Cons: Little flexibility if you are unable to meet terms. Low approval rate. Application process can vary.

    [SBA.gov's list of the most active small business banks for loans]

    Venture Capital

    Getting funding from venture capitalists is a much tougher proposition than pretty much any other choice here. It requires a serious level of pitching work to tens or more of companies and it requires the company owners/founders to put in a lot of time learning the ins and outs of the venture capital world. It also means giving up far more control and ownership of a company than almost any other option here. The upside is that you can quite possibly raise significantly more funding than any other way. You also have to meet a different set of criteria for investment. Companies that can get venture funding may not actually be able to get bank funding and vice versa.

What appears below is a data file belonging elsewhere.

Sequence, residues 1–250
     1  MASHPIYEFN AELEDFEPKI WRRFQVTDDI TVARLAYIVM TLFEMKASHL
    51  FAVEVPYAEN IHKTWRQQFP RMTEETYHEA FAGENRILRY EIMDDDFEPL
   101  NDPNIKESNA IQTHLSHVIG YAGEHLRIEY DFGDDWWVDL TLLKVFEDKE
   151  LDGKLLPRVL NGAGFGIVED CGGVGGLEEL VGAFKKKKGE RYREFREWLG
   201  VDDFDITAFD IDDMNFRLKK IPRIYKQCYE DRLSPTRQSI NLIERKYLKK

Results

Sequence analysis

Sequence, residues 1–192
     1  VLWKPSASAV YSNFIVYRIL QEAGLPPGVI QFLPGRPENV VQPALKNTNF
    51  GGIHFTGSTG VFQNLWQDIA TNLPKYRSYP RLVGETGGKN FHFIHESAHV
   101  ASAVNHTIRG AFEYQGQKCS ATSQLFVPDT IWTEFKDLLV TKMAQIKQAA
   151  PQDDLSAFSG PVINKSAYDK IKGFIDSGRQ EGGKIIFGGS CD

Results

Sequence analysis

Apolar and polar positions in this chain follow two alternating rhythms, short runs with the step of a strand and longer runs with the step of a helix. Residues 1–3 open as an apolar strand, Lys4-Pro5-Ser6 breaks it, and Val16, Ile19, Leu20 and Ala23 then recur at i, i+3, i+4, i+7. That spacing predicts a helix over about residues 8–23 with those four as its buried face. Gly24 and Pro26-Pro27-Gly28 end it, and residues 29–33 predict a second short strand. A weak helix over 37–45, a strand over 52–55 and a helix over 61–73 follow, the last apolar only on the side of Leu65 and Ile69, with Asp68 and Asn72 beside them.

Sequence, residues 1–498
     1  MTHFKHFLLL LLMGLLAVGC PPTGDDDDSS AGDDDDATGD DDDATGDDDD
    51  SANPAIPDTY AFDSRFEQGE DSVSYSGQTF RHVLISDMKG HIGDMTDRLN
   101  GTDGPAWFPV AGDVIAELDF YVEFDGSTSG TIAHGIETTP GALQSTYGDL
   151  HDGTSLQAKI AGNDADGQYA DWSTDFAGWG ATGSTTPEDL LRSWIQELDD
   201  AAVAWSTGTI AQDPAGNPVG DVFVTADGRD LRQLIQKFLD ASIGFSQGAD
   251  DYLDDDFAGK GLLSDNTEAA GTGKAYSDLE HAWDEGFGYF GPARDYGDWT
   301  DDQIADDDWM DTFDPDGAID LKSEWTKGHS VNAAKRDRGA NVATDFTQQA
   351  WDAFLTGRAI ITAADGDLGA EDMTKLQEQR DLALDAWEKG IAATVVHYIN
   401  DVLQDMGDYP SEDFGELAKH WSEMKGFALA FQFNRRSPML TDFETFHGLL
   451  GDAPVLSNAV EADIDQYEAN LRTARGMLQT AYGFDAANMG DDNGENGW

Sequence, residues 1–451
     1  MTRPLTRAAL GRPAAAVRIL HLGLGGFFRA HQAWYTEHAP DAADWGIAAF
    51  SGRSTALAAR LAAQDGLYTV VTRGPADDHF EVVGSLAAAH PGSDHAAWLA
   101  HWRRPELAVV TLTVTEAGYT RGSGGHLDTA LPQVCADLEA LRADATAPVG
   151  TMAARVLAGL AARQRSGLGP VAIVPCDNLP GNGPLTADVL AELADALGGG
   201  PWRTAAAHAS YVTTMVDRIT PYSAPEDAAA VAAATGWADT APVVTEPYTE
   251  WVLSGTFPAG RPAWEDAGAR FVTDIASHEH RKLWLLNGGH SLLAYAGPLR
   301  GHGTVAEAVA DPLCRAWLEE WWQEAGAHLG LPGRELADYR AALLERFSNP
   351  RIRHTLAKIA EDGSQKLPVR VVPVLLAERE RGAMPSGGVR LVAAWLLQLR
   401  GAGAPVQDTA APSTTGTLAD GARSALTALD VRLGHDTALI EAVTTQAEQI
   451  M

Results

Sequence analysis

Pros: can raise much larger amounts than any other way, often comes with a network of advice and support that can be invaluable, no or few penalties, no fixed length, risk is very low

    Cons: terms are very different and more onerous in some regards, less in others, give up some control, give up some ownership, time consuming application and process.

    [SBA.gov advice about venture capital]


    Angel investors are the new VCs. The easiest way to think of them is mini venture capitalists. They are private individuals with lots of spare cash for investing bit compared with VCs they typically give less in funding and take less and offer less in the way of extras. But they are easier to raise money from in general and take less control and ownership of a company while still providing valuable advice and contacts. A typical scenario is that a tech startup will get enough funding from self and family funding to put together enough of a prototype to get angel investment which then lets them grow and build a better product which in turn might get them VC funding.